Citizenship and Immigration Canada has informed a professor at Toronto’s York University that he and his entire family may be denied permanent residency, because his son has Down syndrome. According to a report from CTV News, Professor Felipe Montoya and his family have been informed that their application for permanent residency renders them all inadmissible to Canada, because of rules concerning a potential burden on Canada’s healthcare system.
The “Excessive Demand” provision of Canada’s immigration policy has been controversial for a long time. Under paragraph 16(2)(b) of Canada’s Immigration and Refugee Protection Act, potential immigrants must submit to a medical examination, and may be denied residency if it is determined that their anticipated healthcare costs will exceed average Canadian healthcare and social services costs over a period of five years, or 10 years if there is evidence that significant costs are likely to be incurred.
The Act also gives provisions to deny anyone who would add to Canadian medical care wait times, or decrease the health of other citizens and permanent residents as a result of such.
Unsurprisingly, many who managed to survive outside of the country for years, question this provision, and its broad wording — Montoya among them, noting that he and his wife have been among those Canadian taxpayers since entering the country four years ago.
“We consider it to be in contradiction to the Charter [of Rights and Freedoms] for many reasons, and we think that it’s based on outdated views of so-called disabilities and that it needs to be looked at again and brought up to date.”
Three years ago, Montoya and his family moved to Canada when he accepted an offer of professorship from York University; he continues to be employed there full-time as a tenured professor of environmental studies, a position which does not pay poorly. Three years ago, he filed an application of permanent residency for himself and his family, including himself, his wife, and their two children.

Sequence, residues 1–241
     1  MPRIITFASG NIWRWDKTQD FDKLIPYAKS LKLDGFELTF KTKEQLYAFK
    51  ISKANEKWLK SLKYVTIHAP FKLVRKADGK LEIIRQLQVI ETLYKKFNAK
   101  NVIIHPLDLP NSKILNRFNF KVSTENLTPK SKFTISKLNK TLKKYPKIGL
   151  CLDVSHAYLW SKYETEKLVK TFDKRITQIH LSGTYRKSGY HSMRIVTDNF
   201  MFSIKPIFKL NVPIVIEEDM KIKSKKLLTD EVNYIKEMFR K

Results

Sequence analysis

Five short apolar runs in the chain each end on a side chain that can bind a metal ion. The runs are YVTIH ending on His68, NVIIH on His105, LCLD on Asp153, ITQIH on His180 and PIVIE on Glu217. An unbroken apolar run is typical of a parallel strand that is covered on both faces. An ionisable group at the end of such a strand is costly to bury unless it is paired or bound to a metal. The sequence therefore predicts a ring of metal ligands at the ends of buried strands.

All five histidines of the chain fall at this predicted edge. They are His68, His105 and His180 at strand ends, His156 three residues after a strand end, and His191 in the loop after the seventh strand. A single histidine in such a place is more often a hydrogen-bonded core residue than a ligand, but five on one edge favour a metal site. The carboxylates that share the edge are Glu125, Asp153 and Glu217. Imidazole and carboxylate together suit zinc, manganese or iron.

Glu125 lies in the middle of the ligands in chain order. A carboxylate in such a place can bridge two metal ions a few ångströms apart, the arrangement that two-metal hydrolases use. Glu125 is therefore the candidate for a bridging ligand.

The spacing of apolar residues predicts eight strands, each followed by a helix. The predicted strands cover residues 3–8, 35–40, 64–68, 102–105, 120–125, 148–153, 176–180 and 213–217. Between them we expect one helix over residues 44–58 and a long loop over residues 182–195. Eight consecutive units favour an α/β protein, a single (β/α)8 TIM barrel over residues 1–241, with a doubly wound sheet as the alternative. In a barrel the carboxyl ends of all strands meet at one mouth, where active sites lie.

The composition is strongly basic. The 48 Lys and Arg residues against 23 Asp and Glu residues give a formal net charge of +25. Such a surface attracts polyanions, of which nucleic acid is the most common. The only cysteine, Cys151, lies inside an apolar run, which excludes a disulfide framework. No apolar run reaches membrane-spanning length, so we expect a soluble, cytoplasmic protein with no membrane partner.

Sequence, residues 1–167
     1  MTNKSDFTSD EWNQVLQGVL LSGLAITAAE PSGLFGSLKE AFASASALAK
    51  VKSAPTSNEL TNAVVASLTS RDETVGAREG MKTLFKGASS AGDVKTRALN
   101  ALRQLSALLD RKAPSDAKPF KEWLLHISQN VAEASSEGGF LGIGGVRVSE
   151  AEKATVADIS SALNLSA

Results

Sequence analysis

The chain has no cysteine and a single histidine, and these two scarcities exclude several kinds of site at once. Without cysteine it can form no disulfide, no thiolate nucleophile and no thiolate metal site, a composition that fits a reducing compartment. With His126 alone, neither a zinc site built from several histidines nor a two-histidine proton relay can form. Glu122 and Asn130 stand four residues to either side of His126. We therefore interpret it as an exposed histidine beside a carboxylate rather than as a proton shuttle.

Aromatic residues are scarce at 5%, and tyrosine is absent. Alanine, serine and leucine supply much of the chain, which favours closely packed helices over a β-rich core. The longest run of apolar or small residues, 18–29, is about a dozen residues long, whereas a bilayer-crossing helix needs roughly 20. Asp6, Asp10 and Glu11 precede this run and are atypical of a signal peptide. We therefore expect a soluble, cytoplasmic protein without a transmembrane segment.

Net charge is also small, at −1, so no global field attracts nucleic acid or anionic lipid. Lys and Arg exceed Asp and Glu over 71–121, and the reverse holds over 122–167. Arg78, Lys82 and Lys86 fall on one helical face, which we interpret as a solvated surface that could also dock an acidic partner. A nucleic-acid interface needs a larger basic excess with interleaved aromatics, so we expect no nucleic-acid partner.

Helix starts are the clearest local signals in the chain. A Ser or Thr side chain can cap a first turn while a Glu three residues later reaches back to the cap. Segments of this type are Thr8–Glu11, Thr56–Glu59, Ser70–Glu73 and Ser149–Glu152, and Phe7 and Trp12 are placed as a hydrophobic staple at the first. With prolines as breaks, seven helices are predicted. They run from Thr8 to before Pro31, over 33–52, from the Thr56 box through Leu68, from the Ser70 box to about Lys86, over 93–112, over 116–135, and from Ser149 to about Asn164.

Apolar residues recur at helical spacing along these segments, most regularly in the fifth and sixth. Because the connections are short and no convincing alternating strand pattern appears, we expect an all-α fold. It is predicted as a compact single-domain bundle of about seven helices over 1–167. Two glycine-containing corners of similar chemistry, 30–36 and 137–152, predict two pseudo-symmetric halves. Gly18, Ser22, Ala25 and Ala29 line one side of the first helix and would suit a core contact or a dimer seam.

He disclosed at the time that his now-13-year-old son Nicolas had Down syndrome, and submitted to the required medical examination, in which Nicolas and the rest of the family were given a clean bill of health.
But a letter from the CIC shattered his hopes that his son would be accepted.
“I have determined that your family member Nicolas Montoya is a person whose health condition might reasonably be expected to cause excessive demand on social services in Canada. An excessive demand is a demand for which the anticipated costs exceed the average Canadian per capita health and social services costs, which is currently set at $6,387.”
The letter goes on to reference reports indicating that Nicolas functions at the level of a 3-year-old, and estimates that special education for him would cost between $20,000 and $25,000 CAD (roughly $15,000 – $19,000 USD) per year. Montoya takes issue with the figure, particularly given that the CIC gave no indication of how it arrived at that number — and that Nicolas is currently in a public school which is making no special accommodations for him, and allegedly doing fine.
“There were no extra provisions for him. He joined a classroom just like my daughter did. My daughter is not deemed inadmissible because of her use of state services, yet Nico is.”
And according to a report from CBC, while the Montoya family is being forced to leave the country in June, they have promised to continue fighting what they call medieval and barbaric legislation, because they want to help other families in their situation.
“Our fight is more of a matter of principle. You have people who are deemed inadmissible because they may cost the state.
“[Nicolas] was singled out solely because of his genetic identity. The only difference is he has a genetic condition that makes him different.”
Montoya and his wife have promised not to stop fighting until the law is removed from the books.
[Photo by Joe Raedle/Getty Images]